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Pre-clinical vs Clinical years

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What are the similarities and differences between life during pre-clinicals (M1, M2) and during clinical rotations (M3-M4)?

Also, do you spend more or less time studying during the clinical years?

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During your pre-clinical years, life is mostly like undergrad. You go to class, you have tests and you shadow/research/ECs for the rest of your time. During your clinical years, life is mostly like work, you show up on time, you go to your classes when you have them, you write tests and you generally have less time to do research/ECs/shadowing. 

I spent a lot less time studying during my clinical years, it isn't ideal truthfully, but depending on your clerkship experience, you may have less time to study. Generally speaking you study less during clerkship. 

 

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In preclerkship, life is pretty relaxed, at least it was for me. It was a lot like undergrad, the schedule was pretty chill, I got to decide where I’d spend my time a lot of the time (eg. Never went to lectures.)

In clerkship, you’re working 40-100 hours a week (I had several weeks with three call shifts in them.) You’re often needing to be up very early and stay up very late. Your working hours tend to be more unpredictable because you stay until the work is done, not until a specific time. You’re also constantly having to figure out how new teams work and reorienting yourself to the preferences of a new staff doc sometimes every single shift. There’s a lot more uncertainty about what is expected from you. 

 

I spent far less time doing dedicated study sessions when I was in clerkship, but there was a lot more studying organically through the day when I heard something interesting or needed to learn something specific to care for my patient. 

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Agree with all the above^. Clerkship will range from predictable 35-45 hour works that are 9-5 (typically outpt rotations: family clinic, subspecialty clinic, peds clinic, etc), random hours (e.g. ER) to 80-100 hour work weeks on inpatient wards +/- overnight call depending on your institution (general surgery, internal medicine ward, etc). Best way to learn is to really understand your fundamental pathophys as a preclerk and then transition into focusing more on management and developing "approaches" to various things in your clinical years (e.g. approach to chest pain, shortness of breath, lower extremity weakness, and so on)

I'd definitely say I studied less in my clerkship years, but I also tried to learn how to study smarter (question banks, Anki for question cards).

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17 hours ago, Birdy said:

In preclerkship, life is pretty relaxed, at least it was for me. It was a lot like undergrad, the schedule was pretty chill, I got to decide where I’d spend my time a lot of the time (eg. Never went to lectures.)

In clerkship, you’re working 40-100 hours a week (I had several weeks with three call shifts in them.) You’re often needing to be up very early and stay up very late. Your working hours tend to be more unpredictable because you stay until the work is done, not until a specific time. You’re also constantly having to figure out how new teams work and reorienting yourself to the preferences of a new staff doc sometimes every single shift. There’s a lot more uncertainty about what is expected from you.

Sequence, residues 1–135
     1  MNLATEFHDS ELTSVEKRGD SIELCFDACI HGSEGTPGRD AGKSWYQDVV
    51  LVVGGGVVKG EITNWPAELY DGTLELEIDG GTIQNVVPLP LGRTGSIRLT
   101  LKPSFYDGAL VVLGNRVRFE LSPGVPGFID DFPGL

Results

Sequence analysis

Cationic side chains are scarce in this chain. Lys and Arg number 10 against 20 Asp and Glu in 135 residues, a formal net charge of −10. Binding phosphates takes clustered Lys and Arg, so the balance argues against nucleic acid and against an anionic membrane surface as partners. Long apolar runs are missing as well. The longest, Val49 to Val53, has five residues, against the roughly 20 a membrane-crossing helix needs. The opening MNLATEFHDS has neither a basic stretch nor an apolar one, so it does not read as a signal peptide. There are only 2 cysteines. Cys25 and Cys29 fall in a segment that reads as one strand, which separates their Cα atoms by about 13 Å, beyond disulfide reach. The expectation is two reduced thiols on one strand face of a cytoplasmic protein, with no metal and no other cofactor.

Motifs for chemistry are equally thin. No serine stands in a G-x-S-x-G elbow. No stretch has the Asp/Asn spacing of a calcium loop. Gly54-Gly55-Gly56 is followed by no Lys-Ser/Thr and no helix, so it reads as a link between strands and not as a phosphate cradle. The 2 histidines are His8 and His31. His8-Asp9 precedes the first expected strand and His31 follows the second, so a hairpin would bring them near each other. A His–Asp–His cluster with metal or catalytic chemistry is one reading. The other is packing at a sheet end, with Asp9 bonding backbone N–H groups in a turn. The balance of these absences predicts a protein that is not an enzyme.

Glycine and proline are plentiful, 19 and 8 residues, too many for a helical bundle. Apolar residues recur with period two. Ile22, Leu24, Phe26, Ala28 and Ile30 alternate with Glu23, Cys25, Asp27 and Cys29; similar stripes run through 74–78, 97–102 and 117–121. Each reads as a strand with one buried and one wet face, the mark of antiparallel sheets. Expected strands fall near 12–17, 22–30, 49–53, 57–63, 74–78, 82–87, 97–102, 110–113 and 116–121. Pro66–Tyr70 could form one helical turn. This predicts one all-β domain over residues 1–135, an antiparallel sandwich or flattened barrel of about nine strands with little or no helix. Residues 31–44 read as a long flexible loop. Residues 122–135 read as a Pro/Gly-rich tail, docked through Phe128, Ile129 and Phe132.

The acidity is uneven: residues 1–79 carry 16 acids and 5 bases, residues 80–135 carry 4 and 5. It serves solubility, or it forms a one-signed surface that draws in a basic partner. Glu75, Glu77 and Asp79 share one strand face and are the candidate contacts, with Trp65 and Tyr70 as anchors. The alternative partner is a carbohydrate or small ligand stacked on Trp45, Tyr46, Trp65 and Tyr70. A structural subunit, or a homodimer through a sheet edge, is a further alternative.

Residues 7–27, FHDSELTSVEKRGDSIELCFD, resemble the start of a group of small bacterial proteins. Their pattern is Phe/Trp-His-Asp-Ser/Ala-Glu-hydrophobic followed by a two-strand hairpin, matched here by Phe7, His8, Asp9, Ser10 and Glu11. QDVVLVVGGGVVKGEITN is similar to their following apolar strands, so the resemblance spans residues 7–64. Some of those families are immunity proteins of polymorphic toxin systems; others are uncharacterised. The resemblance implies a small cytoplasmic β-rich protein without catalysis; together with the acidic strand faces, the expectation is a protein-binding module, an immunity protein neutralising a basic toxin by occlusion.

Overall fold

I spent far less time doing dedicated study sessions when I was in clerkship, but there was a lot more studying organically through the day when I heard something interesting or needed to learn something specific to care for my patient. 

 

I strongly agree with this, but it may be school dependant (I also went to Mac).

I found pre-clerkship easier than undergrad, and certainly less stressful.  It was social, pressure was there at times but pretty minimal, I was as free to see friends as I was in high school really.  Also if you didn't want to work, the minimum effort required to "coast" through and pass was really low (not that I recommend this).  I maybe "worked" 50 hours a week most of the time, including studying.

Clerkship was way different for me.  As mentioned above, some rotations are 40 hours/week, some are 80-100.  But on top of that you still have to study!  So even on those light rotations there are still exams, and I would say the light rotations are still more work than pre-clerkship; with the heavier rotations really being almost all consuming.

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52 minutes ago, goleafsgochris said:

 

I strongly agree with this, but it may be school dependant (I also went to Mac).

I found pre-clerkship easier than undergrad, and certainly less stressful.  It was social, pressure was there at times but pretty minimal, I was as free to see friends as I was in high school really.  Also if you didn't want to work, the minimum effort required to "coast" through and pass was really low (not that I recommend this).  I maybe "worked" 50 hours a week most of the time, including studying.